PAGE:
Follow SMF on Twitter.
Started by [Unknown], November 20, 2003, 03:41:19 AM
Quote from: [Unknown] on November 20, 2003, 03:41:19 AMAny other questions? (so far I made all these up, sorry if they aren't realistic .) Feel free to ask and I'll answer away. I challenge you to prove me wrong.... show me that somehow 777 is all that bad.
Quote from: penmin on August 20, 2005, 04:17:15 PM PS. Unknown, my host could talk and talk for hours about this and argue with you, but we all know he is right. Fix your stuff.
Quote from: keepr on August 20, 2005, 02:51:13 PMFirst off SMF is not bug free and neither is any popular forum software, by setting the whole directory to 777 you are opening up every possible avenue for a software exploitation.
QuoteIf you cannot make your mods / application work with proper security restrictions then you need to take another look at your code. This post is reckless and potentially damaging to people who do not understand what it means to have their website exploited.
Quote from: penmin on August 20, 2005, 04:17:15 PMI think my host just told you that its not possible w/o a major security risk. So I wont be using TP until someone can fix this.And btw, it kinda makes me feel abit unsecure that the SMF lead devl. is telling everyone to go unsecure all their ****** (no offense Bloc, Im sure your reading this and TP is quite lovely) but I have to agree (finally) that my host is right, and w/o a secure way to do this, its just something that makes you sit in the waiting room to get hacked.
Quote from: kegobeer on August 20, 2005, 05:17:28 PMIf I set my directory to 777, and you navigate to my site, exactly what could you do to gain access to my files? To my understanding, a file has to be uploaded to the site and then be executed to take advantage of 777. If a user can't upload any sort of attachments, what damage can be done?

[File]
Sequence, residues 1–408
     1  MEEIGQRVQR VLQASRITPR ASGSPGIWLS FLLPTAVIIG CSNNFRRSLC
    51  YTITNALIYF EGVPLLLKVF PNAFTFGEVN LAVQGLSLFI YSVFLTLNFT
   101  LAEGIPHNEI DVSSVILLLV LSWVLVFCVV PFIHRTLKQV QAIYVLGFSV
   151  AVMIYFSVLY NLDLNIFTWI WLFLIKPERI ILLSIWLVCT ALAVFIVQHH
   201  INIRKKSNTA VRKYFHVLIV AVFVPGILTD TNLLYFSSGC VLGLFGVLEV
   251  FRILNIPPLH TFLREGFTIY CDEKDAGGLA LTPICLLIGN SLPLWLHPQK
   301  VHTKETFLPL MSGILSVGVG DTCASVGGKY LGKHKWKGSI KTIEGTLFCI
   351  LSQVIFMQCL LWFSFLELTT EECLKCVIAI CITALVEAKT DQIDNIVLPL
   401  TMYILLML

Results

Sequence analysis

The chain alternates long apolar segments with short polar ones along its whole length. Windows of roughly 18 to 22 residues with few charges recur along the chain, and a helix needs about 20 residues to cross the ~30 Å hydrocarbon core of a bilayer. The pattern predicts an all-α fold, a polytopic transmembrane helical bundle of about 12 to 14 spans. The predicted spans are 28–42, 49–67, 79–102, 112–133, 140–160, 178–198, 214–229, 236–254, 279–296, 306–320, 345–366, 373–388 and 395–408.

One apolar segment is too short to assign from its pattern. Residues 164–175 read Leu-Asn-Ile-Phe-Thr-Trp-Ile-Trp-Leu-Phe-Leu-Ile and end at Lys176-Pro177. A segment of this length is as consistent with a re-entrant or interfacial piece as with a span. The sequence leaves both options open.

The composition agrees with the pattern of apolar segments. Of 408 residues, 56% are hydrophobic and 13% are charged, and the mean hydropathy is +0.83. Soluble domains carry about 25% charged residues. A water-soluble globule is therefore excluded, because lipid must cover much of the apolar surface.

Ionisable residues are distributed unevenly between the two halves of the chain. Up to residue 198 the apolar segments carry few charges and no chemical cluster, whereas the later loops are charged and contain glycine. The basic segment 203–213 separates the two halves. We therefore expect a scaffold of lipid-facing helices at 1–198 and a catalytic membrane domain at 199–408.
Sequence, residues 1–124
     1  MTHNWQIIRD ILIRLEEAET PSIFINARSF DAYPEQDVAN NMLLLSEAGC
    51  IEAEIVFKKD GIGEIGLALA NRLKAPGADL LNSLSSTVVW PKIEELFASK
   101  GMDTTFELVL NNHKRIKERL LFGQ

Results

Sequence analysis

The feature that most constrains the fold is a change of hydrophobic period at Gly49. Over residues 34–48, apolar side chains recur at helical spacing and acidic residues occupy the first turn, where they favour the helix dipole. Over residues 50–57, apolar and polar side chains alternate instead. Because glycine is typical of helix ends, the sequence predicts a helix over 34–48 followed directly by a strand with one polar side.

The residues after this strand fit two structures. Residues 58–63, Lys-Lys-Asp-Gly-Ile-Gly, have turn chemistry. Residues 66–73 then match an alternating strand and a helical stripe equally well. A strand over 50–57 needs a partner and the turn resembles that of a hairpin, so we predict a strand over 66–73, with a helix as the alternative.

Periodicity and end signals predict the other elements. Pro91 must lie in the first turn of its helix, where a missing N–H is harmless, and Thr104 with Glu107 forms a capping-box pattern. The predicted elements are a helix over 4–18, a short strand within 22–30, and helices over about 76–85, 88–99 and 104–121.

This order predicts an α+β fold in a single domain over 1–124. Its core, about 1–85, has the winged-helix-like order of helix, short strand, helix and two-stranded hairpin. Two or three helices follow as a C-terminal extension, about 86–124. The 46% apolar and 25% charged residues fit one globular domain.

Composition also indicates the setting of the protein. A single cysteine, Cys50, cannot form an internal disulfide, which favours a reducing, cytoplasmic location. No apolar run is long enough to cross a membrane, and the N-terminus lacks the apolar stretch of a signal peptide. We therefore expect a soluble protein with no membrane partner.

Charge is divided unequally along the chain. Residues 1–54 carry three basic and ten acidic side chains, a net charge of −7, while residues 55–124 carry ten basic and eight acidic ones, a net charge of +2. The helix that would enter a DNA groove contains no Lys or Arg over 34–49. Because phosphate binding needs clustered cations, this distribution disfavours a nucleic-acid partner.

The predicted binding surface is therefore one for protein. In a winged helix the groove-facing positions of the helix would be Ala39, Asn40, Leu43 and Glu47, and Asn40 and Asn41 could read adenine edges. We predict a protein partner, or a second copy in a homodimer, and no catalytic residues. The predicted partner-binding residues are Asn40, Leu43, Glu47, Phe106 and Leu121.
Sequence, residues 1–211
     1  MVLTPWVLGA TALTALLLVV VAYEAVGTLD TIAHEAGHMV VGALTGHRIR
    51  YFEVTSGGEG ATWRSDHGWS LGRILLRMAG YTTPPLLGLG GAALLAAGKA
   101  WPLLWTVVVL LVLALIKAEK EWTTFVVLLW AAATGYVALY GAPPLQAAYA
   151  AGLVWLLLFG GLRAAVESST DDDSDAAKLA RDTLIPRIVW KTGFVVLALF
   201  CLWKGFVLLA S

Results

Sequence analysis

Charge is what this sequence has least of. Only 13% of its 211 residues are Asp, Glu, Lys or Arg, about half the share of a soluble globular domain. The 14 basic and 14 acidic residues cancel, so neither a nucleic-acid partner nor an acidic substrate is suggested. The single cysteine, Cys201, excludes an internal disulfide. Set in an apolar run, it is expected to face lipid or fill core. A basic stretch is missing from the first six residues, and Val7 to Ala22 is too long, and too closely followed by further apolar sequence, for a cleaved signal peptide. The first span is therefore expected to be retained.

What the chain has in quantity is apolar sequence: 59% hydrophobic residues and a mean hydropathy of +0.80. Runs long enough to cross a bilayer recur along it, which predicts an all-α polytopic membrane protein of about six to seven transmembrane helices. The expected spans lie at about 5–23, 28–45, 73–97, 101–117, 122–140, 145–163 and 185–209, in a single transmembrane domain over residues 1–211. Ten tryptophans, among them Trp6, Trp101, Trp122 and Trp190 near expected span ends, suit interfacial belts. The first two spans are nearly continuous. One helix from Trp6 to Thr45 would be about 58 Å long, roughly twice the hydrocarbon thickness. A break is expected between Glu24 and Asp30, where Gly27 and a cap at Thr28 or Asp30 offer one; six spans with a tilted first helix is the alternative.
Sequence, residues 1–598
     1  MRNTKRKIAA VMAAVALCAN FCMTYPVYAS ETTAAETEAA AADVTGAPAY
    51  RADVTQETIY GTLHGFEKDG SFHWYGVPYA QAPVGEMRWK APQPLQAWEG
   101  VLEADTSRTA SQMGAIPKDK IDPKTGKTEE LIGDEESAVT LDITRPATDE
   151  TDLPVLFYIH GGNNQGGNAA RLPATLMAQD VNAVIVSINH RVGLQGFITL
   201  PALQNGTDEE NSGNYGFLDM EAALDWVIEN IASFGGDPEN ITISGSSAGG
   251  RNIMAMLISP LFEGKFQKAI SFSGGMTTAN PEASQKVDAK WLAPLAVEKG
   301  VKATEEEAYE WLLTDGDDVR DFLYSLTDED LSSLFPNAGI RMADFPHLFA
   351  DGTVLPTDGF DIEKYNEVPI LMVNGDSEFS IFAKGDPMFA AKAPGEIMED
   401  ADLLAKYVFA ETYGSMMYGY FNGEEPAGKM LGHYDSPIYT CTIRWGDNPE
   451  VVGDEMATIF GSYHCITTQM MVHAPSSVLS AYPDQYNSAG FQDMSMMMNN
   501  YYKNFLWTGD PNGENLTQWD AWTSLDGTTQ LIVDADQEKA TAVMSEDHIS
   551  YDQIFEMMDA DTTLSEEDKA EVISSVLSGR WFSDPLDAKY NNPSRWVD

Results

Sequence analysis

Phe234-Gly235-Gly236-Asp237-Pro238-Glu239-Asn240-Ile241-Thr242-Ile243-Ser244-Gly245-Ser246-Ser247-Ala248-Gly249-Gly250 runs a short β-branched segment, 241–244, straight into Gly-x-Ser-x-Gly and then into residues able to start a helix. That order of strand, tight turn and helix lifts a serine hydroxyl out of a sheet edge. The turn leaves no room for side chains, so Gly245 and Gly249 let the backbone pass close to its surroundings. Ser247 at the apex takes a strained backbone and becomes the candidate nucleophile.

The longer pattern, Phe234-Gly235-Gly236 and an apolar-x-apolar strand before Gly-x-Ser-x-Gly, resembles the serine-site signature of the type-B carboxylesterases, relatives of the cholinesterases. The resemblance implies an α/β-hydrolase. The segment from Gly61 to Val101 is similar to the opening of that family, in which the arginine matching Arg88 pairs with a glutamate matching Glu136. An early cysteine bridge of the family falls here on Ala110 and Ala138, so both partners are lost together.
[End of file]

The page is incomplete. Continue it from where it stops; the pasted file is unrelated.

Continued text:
QuoteMaybe if you got off your high horse and stopped acting like a 20 year old that knows everything, and instead, work on your bull****** to make it work proper
Quote from: keepr on August 20, 2005, 09:43:46 PMYou are asking people to bypass linux's built in security and trust that all your code is perfect and no exploits will ever be found in it (this is scarey considering that SMF is YABB with a new name) and since your telling my customers to find new hosting I will point out examples of why people should use every piece of security possible with SMF specifically. I really wish you had not made this personal but here we go.
QuoteSmf Size Tag Script Injection Vulnerability
QuoteSimple Machine Forum SQL Injection (modify)
QuoteYabbse 1.5.4 Sql Injection Poc ExploitYaBB/YaBBse Cross Site Scripting VulnerabilityYabbSE Multiple Vulnerabilities March 2004
QuoteYabase v1.5.0 remote exploit to spawn bash shell with Apache uid
Quote from: penmin on August 20, 2005, 09:46:08 PMFirst off, I do apologize for being rude, but I am more than abit frustrated, I have tried numerous times to get any type of help with this ONE problem for over a month now. Maybe if you got off your high horse and stopped acting like a 20 year old that knows everything, and instead, work on your bull****** to make it work proper. I wouldnt get all pissy with you. I have tried to contact 4 differant peope (outside of threads) to gain help, and what was I told............ Contact an admin.......so I tried that, and everyone suggested 777 everything during the install (but change back the settings file), then after install, change everything back to normal and continue on your merry way. Then I am told I need to change and 777 everything, but then you dont state anything else. You just go 'challenge me', so I did. And you still have yet to prove how this will work w/o the actual person being taken advantage of and getting all their mysql jacked.